UNCASVILLE, CONN. -- Just seconds after she hit an 18-foot jumper late in the fourth quarter, Courtney Williams was at the other end of the floor grabbing a defensive rebound and doing everything she could to will her team to victory.
Time was winding down, but she was heating up.
She was fouled as she pulled the ball down, and she headed to the line. Wearing a Williams No. 10 jersey, her father, Don, watched eagerly from his courtside seat and pulled out his phone to record the moment.
Williams missed the first free throw but hit the second. She had given the Connecticut Sun a 79-70 lead over the Los Angeles Sparks with one minute, 11 seconds to play. It was the home team's biggest lead of the half, and it finally gave them a chance to breathe, but she refused to let up, her neon green sneakers and short, bleached-blonde hair seen chasing down every ball on the court. There was simply too much on the line for her to take it easy.
After a 20-second timeout, the Sparks got the ball into the hands of former WNBA MVP Candace Parker, and she drove the lane for a layup. She missed, and the 5-foot-8 Williams was there for another rebound. She dribbled the ball back down the court for a layup attempt of her own. She missed, but her effort sealed the deal for most in the crowd.
"Is there anything she can't do?" one fan yelled from her seat behind the baseline. "I mean, anything?"
Another fan jumped out of her courtside seat and clapped her hands in excitement. Tacko Fall, the vertically blessed Boston Celtics rookie seated near her, looked over in disbelief and smiled widely before whispering something -- likely admiration for Williams or the passionate fan -- to Celtics teammate Tremont Waters.
Williams, meanwhile, emphatically chest-bumped her dad on the sideline. Moments later, the Sun clinched an 84-75 victory to take Game 1 of the WNBA semifinals. It was the team's first playoff win since 2012, thanks in large part to Williams' fourth-quarter heroics. She finished with 15 points, seven rebounds, five assists and two steals in 36 minutes.
"She's a player that can create her own shot in the big moments," Sun head coach Curt Miller said. "She's not going to shy from the moment. She did a little of everything tonight, and I reminded her that included turnovers."
Williams did have four of the Sun's nine turnovers, but that won't be what anyone remembers about her performance. Certainly not Sparks coach Derek Fisher, who is in such awe of her game that he said he wasn't even disappointed about how his team matched up against her.
"Her speed and her ability to go left or right," he said when asked about what she brings to the game. "Every possession she's aggressive and ready to attack. For a player defending her, you don't have a chance to rest. That's hard to defend for 40 minutes.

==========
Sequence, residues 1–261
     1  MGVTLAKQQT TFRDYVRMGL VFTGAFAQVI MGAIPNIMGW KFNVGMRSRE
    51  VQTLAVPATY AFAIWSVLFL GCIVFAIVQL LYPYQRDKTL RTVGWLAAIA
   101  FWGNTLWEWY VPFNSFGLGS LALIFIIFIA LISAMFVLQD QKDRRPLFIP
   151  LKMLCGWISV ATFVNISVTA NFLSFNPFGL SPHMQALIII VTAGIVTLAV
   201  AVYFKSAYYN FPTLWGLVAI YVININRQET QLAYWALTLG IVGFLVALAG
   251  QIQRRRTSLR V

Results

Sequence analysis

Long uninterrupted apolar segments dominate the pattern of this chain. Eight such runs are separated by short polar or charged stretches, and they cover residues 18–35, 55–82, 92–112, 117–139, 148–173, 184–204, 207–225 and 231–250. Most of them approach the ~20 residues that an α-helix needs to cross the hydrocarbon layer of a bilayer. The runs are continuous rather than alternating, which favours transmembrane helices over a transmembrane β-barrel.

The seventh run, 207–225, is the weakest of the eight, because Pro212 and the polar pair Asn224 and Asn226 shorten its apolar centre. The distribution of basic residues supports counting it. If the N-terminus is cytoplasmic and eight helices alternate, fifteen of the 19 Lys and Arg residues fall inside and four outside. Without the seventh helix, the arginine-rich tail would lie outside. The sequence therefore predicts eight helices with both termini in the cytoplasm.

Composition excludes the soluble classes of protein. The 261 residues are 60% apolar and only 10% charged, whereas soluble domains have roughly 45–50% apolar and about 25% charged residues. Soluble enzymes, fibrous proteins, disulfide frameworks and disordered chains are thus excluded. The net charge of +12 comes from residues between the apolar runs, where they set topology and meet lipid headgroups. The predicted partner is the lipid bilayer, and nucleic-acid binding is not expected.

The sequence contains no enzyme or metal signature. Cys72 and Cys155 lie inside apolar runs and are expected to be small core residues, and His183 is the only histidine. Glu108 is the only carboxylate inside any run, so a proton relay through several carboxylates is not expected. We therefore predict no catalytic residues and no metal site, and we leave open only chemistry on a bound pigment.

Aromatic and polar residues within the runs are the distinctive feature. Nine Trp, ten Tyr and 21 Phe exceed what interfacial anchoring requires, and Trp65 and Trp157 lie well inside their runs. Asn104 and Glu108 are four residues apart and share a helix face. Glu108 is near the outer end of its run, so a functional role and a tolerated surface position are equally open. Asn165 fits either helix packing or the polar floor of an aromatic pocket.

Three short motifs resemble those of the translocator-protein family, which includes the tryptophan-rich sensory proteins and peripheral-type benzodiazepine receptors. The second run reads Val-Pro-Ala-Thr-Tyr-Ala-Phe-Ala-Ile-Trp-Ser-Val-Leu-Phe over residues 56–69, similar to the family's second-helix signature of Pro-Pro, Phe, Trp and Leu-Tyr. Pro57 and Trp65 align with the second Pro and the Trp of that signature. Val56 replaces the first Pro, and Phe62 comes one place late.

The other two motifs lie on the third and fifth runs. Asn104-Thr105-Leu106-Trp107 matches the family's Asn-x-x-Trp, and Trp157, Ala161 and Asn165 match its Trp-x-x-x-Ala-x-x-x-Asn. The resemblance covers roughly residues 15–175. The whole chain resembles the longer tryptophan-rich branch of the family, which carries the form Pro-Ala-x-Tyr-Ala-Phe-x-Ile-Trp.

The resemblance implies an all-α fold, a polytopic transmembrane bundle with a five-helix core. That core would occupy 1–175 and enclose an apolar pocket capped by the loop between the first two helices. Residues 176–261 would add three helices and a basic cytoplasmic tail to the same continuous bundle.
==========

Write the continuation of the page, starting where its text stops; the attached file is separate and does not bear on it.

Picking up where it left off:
"She was good tonight. We're not surprised by that. I'm actually comfortable with 17 field goal attempts for 15 points."
On a night filled with drama, tension and more than a few thrown elbows -- Fisher himself was called for a technical foul with just more than 13 seconds to play -- the Sun dusted off the rust of a nine-day, double-bye hiatus to pull off a victory in front of a loud and enthusiastic crowd. Sparks reserve Chiney Ogwumike, who played on the Sun until she requested a trade at the beginning of the season, was frequently the target of the crowd's attention, drawing boos virtually every time she touched the ball.
Coming off a blowout win over the Seattle Storm on Sunday, the Sparks arrived -- via charter plane -- in Connecticut with momentum very much on their side. For the game's first few moments, it looked like they would win their fifth straight game. It took the Sun nearly two-and-a-half minutes, and five shot attempts, to get on the board.
Miller later confessed being simply relieved the first time the ball made contact with the rim, but the team jumped to a 21-14 lead by the end of the quarter. The Sparks came alive in the second quarter, taking a three-point lead into the halftime break, but the second half was all Sun. Alyssa Thomas had a team-high 22 points and 10 rebounds, and the Sun got 19 points from Jasmine Thomas and 16 from Jonquel Jones.
But it was Williams who seemed to carry the team down the stretch and do whatever the Sun needed her to do.
Heck, there was even a video of her asking the crowd to get loud that was shown on the Jumbotron throughout the game. It worked, in case you were wondering.
Her teammates lauded her perpetual positivity and joyful presence on the floor and in the locker room. Miller credited her spirit for lifting the team in the tough moments.
"There's something so magical about her personality and her positivity," he said. "Every single day, she walks in the building, and she's going to be positive, and no one loves to play more than her. She just loves the game. And so you know what is going to happen when you get in between the lines with her in practice and in games. It's really important with this team to have that positivity, and it's certainly important around me, who is not a glass-half-full type of coach. We need her positivity."
But for Williams, Tuesday night was nothing new. It was all in a day's work for her and her teammates, who have quietly amassed the league's second-best regular-season record, despite lacking the star power of other teams.
"We just do what we do," Williams said on the court after the game. "It's what we've been doing all season long."
Sun's Courtney Williams a force down the stretch in Game 1 win over Sparks
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